Gwent Five Ways to Wellbeing Network

The Five Ways to Wellbeing are a wellbeing equivalent of 'five fruit and vegetables a day'. It is recommended that individuals build the Five Ways (which are described in the boxes below) into their daily lives to improve their wellbeing.

The Five Ways to Wellbeing are:
1. Connect... with the people around you. With family, friends, colleagues and neighbours. At home, work, school or in your local community. Think of these as the cornerstones of your life and invest time in developing them. Building these connections will support and enrich you every day.
 
2. Be active... Go for a walk or run. Step outside. Cycle. Play a game. Garden. Dance. Exercising makes you feel good. Most importantly, discover a physical activity you enjoy and that suits your level of mobility and fitness.
 
3. Take notice... Be curious. Catch sight of the beautiful. Remark on the unusual. Notice the changing seasons. Savour the moment, whether you are walking to work, eating lunch or talking to friends. Be aware of the world around you and what you are feeling. Reflecting on your experiences will help you appreciate what matters to you.
 
4. Keep learning... Try something new. Rediscover an old interest. Sign up for that course. Take on a different responsibility at work. Fix a bike. Learn to play an instrument or how to cook your favourite food. Set a challenge you will enjoy achieving. Learning new things will make you more confident as well as being fun.
 
5. Give... Do something nice for a friend, or a stranger. Thank someone. Smile. Volunteer your time. Join a community group. Look out, as well as in. Seeing yourself, and your happiness, linked to the wider community can be incredibly rewarding and creates connections with the people around you.
 
Find out how you can use the Five Ways to Wellbeing here
 
If things aren't going so well, ask for help...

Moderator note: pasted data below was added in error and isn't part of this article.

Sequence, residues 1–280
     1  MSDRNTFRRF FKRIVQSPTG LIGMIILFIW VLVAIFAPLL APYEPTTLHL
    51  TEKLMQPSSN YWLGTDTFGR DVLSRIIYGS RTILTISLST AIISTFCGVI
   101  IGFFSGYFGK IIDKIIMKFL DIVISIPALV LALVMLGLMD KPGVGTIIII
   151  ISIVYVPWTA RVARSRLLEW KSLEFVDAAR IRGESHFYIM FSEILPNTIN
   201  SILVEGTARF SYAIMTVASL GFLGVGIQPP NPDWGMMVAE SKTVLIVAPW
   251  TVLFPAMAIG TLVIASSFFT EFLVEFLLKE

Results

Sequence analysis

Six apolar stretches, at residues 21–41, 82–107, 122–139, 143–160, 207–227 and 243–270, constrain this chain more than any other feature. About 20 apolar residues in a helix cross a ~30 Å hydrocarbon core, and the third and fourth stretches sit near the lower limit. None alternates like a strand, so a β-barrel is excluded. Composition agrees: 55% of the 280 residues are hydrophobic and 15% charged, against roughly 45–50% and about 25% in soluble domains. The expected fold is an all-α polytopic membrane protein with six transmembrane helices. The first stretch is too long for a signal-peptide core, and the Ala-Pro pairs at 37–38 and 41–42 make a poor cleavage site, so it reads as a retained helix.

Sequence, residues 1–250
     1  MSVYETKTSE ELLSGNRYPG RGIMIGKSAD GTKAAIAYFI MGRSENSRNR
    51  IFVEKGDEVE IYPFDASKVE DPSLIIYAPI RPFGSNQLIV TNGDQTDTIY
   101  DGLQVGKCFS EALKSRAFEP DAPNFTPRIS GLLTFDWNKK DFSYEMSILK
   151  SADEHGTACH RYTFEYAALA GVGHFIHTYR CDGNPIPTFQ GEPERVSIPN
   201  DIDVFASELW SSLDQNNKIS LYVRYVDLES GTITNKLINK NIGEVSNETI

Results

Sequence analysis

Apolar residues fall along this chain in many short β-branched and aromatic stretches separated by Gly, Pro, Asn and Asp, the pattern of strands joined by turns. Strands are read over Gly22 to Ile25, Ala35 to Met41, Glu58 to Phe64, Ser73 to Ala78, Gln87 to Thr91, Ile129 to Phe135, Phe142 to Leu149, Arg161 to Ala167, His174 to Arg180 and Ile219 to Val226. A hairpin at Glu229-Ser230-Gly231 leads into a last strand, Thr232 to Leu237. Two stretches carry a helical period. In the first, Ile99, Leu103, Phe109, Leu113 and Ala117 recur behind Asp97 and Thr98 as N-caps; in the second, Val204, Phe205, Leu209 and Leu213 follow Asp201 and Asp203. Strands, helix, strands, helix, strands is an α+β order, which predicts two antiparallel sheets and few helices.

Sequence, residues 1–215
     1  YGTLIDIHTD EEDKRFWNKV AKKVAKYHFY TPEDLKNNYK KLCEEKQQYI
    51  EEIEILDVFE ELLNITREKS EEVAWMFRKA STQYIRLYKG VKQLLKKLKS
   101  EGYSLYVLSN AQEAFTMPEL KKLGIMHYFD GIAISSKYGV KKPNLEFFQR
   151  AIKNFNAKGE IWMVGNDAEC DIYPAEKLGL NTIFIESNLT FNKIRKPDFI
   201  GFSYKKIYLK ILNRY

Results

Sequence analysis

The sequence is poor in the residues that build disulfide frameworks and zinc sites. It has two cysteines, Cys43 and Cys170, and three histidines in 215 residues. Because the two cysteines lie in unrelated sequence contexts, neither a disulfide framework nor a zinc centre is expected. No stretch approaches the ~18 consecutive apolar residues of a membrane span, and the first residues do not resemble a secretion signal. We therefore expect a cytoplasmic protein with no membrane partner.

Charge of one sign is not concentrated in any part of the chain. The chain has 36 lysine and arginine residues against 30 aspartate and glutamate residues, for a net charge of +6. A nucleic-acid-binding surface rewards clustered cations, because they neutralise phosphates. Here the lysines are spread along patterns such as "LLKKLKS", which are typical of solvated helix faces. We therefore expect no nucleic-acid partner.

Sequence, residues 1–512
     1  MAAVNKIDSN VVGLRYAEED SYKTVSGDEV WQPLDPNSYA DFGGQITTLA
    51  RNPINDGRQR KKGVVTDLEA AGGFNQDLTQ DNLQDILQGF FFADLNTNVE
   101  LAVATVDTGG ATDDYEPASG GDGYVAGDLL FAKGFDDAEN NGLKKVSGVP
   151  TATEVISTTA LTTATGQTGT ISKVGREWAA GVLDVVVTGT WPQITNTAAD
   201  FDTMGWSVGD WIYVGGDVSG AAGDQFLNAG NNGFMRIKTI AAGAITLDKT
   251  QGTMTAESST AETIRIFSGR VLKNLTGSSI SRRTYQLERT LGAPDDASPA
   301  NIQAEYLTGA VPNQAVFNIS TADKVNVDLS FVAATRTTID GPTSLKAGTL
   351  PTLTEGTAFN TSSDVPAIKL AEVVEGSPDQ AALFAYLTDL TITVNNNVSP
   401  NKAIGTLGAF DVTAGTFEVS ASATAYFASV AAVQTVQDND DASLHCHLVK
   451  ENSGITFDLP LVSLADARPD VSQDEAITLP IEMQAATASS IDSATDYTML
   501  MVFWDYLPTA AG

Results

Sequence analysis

If you're concerned about your state of mind and are feeling low or anxious, it's a good idea to start talking about your feelings with friends and family. If you prefer, you can visit your GP.
Don't feel ashamed of how you're feeling. Worries about mental health are the second most common reason for visiting a doctor, so you're not alone.
You can also get information and advice from the organisations below:
 
NHS Direct
Telephone: 0845 46 47
Website: www.nhsdirect.wales.nhs.uk

Community Advice & Listening Line
Freephone: 0800 132 737 (24 hours a day, 7 days a week)
Or text 'help' to: 81066
Website: www.callhelpline.org.uk
The Community Advice & Listening Line offers a confidential listening and emotional support service, and information/literature on mental health and related matters to people in Wales. Anyone concerned about their own mental health or that of a relative or friend can access the service.

Samaritans
Telephone: 0845 90 90 90 (24 hours a day, 7 days a week)
Website: www.samaritans.org
The Samaritans is a national helpline offering confidential, emotional support to anyone experiencing feelings of distress or despair, including those which may lead to suicide. Face-to-face meetings at local offices by arrangement.

MindInfoLine
Telephone: 0845 766 0163 (Monday - Friday, 9am – 5pm)
Website: www.mind.org.uk
The MindInfoLine offers callers confidential help on a range of mental health issues.
 
More information for professionals is available here. 

Web address: 

http://www.wales.nhs.uk/sitesplus/888/page/61014

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